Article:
Western Rivers Bird Count

Help us understand how birds use riparian corridors in the American West

Yellow Warbler. Photo: Sheen Watkins/Audubon Photography Awards

Western Rivers Bird Count

Help us understand how birds use riparian corridors in the American West

To better understand birds and the river habitats they need, help Audubon collect important bird information by participating in this year's Western Rivers Bird Count. We are calling upon community scientists to conduct bird counts beginning May 1 and through the end of June at priority locations along rivers and streams in the West. We hope birders will head to these sites on Global Big Day (May 4), and throughout the months of May and June.

In 2018, birders helped Audubon to help fill in gaps of bird data, particularly in the Colorado River Basin. Audubon scientists predicted the suitability of riparian habitats where participants would find Yellow Warblers, Summer Tanagers, Yellow-breasted Chats, and Bell’s Vireos, four species identified in Audubon’s report, Water and Birds in the Arid West. Using locations (see map below) on public lands with a simple count protocol, community scientists helped confirm the presence of these priority species. Check out this fun story from last year in the Arizona Republic.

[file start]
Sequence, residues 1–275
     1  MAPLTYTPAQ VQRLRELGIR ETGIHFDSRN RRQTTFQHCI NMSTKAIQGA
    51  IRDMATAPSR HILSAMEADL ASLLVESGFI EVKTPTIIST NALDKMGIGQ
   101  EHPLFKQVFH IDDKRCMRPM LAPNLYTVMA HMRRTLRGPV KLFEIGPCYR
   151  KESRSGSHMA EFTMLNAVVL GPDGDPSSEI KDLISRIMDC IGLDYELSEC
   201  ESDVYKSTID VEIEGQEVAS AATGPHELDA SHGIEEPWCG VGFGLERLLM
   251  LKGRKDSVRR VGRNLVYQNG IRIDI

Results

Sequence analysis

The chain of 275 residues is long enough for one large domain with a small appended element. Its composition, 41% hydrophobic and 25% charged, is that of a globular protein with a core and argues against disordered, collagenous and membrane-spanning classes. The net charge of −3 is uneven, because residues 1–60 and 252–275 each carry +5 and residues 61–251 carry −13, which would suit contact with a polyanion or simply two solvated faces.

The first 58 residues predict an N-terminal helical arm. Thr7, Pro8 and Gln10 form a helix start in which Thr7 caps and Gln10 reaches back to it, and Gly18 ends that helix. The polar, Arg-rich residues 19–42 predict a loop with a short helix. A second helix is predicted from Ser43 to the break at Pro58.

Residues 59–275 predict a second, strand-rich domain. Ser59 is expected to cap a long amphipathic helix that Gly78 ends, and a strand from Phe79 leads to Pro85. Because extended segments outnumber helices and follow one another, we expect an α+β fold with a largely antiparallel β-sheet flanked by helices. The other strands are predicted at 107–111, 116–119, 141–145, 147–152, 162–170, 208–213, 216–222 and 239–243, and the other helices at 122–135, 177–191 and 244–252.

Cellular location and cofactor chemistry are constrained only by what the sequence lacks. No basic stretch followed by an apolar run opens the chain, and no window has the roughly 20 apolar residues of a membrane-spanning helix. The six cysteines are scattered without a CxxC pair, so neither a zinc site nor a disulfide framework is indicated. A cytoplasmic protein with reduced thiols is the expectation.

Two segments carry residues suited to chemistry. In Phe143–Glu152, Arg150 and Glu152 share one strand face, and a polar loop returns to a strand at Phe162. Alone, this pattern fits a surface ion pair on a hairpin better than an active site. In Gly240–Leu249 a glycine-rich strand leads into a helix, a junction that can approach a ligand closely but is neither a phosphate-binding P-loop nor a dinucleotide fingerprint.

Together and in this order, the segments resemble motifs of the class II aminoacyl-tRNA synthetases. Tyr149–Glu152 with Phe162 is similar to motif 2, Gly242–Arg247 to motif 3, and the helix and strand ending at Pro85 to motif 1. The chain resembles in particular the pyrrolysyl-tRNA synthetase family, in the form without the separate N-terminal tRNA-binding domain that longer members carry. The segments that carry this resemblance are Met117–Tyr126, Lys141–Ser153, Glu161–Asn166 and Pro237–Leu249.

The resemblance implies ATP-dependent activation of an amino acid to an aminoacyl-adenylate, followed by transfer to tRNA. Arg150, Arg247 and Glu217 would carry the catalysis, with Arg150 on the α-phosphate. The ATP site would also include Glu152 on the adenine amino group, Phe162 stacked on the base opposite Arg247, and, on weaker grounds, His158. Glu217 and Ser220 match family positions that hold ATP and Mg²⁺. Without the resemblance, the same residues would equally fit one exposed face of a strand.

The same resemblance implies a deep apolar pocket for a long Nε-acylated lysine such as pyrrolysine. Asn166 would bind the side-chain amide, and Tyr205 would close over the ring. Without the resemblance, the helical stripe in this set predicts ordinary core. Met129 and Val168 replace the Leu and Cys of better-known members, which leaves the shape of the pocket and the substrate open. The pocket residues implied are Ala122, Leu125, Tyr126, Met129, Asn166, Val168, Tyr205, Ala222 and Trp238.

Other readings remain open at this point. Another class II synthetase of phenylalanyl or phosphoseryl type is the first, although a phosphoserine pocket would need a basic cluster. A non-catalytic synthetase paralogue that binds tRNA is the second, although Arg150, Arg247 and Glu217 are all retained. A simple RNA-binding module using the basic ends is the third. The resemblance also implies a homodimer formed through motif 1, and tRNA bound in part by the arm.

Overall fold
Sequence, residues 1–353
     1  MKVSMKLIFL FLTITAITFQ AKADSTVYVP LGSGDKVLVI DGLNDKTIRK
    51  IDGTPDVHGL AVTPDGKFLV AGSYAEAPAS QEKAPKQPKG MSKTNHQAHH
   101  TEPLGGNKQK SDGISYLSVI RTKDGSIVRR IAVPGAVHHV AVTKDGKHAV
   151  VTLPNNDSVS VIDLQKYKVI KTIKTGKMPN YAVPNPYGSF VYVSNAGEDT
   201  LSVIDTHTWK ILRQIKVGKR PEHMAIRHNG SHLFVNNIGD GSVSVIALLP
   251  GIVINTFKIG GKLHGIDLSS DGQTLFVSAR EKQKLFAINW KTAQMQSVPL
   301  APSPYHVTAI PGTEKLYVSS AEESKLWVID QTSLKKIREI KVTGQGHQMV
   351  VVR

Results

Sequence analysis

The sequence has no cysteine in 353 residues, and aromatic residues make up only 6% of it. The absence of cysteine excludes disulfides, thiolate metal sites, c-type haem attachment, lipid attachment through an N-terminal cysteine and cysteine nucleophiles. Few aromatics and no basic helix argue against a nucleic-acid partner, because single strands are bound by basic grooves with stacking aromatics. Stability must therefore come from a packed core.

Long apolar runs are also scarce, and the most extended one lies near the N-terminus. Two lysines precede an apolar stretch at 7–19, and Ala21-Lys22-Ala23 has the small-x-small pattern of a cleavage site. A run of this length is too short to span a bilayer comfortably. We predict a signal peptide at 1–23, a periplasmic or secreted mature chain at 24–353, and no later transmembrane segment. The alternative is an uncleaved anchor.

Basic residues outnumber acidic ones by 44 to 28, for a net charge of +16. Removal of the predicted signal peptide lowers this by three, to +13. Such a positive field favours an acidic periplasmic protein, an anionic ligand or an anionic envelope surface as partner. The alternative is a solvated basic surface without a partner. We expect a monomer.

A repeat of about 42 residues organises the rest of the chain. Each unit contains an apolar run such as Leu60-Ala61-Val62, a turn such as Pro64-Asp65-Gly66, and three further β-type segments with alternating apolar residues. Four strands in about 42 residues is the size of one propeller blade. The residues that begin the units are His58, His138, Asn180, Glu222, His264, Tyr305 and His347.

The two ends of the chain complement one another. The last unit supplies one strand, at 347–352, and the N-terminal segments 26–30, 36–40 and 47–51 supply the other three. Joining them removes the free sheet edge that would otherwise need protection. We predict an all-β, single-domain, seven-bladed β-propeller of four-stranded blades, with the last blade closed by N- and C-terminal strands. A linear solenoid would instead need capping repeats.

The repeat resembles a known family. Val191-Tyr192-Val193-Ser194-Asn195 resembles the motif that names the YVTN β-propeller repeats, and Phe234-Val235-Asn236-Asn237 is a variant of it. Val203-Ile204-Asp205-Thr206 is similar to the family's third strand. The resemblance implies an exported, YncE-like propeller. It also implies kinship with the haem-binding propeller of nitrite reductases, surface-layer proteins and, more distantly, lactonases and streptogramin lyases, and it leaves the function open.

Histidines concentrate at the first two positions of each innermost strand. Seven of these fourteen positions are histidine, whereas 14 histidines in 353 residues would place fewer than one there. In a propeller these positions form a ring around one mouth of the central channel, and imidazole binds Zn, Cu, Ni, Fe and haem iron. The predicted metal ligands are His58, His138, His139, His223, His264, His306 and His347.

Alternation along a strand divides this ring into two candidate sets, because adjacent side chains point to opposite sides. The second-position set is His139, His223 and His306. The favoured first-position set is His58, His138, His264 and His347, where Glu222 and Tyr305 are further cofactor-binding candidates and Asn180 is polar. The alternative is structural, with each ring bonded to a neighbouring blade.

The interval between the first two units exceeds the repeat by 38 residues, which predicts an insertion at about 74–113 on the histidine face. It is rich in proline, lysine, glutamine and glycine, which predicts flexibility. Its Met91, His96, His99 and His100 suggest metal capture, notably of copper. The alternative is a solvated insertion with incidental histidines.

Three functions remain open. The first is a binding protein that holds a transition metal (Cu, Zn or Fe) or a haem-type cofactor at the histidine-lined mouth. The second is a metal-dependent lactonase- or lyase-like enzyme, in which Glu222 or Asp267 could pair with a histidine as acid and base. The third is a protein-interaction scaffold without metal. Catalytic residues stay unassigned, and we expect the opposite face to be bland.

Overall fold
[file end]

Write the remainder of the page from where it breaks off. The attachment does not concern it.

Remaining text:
This year, Audubon scientists have reduced the number of sites for the Western Rivers Bird Count to target areas where the Audubon network has an on-the-ground connection, influence on water or habitat management, restoration actions, or water policy focused work. Over time, we hope to show positive bird responses to our collective western water work.

Site locations are up-to-date. Please sign up by clicking on the button below so we can follow up with you about the results. Use the map below to find a site near you (or a place you've always wanted to go birding). The count protocol can be found here and below. Please plan to visit riparian habitats as you are out counting birds this spring!